Android One

Some of the leading retail outlets in India, including Tata Group’s Croma, Future Group, Planet M, Next, Reliance Retail and Sangeetha Mobiles among others have decided to not sell Android One handsets in protest of Google’s decision to initially launch the handsets through e-commerce platforms only, reports The Economic Times.

Google launched the first set of low-cost smartphones through its Android One initiative in September this year, in partnership with Indian handset manufacturers Micromax, Karbonn & Spice. The companies had tied-up with separate e-commerce platforms for the launch: Micromax with Amazon India, Karbonn with Snapdeal & Spice with Flipkart.

Apparently, sales through these online retailers were below expected levels which led to the handset companies approaching offline retail outlets. That’s when the retail outlets refused to stock and sell Android One handsets.

The ET report says only The MobileStore & Univercell are selling the Karbonn smartphone, but even they are expected to take a call on continuing selling it and stocking the other two smartphones within the next two weeks as sales have been disappointing.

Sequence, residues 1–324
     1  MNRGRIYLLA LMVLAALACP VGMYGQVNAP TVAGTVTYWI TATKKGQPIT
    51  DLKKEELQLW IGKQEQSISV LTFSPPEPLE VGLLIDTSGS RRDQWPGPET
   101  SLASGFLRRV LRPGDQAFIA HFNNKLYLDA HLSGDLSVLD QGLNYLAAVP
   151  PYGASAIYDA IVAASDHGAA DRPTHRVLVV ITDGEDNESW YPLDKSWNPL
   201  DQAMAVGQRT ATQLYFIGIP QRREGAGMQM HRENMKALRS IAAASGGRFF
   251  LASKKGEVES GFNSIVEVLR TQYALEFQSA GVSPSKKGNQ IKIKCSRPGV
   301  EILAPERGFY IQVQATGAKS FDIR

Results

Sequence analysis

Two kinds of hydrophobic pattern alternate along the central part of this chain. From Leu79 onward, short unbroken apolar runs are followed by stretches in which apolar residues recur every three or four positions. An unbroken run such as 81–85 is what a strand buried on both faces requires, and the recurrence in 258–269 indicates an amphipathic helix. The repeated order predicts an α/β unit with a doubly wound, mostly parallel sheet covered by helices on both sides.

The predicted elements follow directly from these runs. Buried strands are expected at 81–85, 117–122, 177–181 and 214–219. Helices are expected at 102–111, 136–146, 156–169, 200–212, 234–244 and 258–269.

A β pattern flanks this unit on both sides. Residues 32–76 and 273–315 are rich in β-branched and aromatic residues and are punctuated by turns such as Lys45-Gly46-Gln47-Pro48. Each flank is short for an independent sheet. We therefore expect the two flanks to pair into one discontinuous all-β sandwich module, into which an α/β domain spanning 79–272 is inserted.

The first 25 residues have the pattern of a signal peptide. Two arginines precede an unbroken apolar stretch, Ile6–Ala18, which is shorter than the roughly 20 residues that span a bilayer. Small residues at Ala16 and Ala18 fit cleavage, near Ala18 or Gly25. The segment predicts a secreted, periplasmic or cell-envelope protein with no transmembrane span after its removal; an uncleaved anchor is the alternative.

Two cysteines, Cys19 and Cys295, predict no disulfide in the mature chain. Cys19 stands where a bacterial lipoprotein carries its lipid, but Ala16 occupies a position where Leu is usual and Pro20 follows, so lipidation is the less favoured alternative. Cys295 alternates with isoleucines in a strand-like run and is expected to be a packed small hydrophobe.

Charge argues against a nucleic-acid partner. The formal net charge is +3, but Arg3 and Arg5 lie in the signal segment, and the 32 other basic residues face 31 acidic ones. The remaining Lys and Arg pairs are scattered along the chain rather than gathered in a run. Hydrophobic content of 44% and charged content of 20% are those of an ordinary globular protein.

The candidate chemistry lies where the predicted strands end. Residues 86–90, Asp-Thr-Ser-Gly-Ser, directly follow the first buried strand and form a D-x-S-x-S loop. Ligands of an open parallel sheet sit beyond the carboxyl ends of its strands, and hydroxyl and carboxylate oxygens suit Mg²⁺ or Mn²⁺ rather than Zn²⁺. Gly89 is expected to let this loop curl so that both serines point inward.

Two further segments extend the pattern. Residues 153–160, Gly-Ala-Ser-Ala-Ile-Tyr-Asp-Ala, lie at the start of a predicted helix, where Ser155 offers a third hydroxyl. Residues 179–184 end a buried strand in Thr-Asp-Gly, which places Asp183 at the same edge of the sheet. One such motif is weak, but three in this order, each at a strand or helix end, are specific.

Increased focus on online-online distribution

This comes at a time when handset manufacturers are increasingly focusing on online-only distribution models. Earlier this month, Micromax revealed that it would be launching an online-only brand YU. The first smartphone under this brand is expected to be launched in December this year. Chinese smartphone maker Xiaomi had also adopted the online-only distribution model for its Mi series of affordable smartphones. In fact, it’s flash sales-based marketing strategy has succeeded in attracting a lot of attention (both positive & negative) towards the brand. Motorola had also adopted a similar distribution model for its Moto G series of smartphones, earlier this year. While Finnish smartphone maker Jolla also launched its smartphone exclusively through Snapdeal.

Our Take

In case of both Xiaomi & Motorola an online-only model makes sense, as they are focusing on establishing brand identity and not sales. Xiaomi has just entered the Indian market, while Motorola re-entered India after a gap of 2 years. But for home-grown handset manufacturers like Micromax & Karbonn ignoring offline retailers would be a mistake.

Micromax holds a 18% market share in the Indian smartphone market (as of Q2 2014), second only to Samsung which has a market share of 29%, according to an IDC report. Karbonn was placed third with a market share of 8%. So, Micromax and Karbonn have more to lose by adopting an online-only distribution model.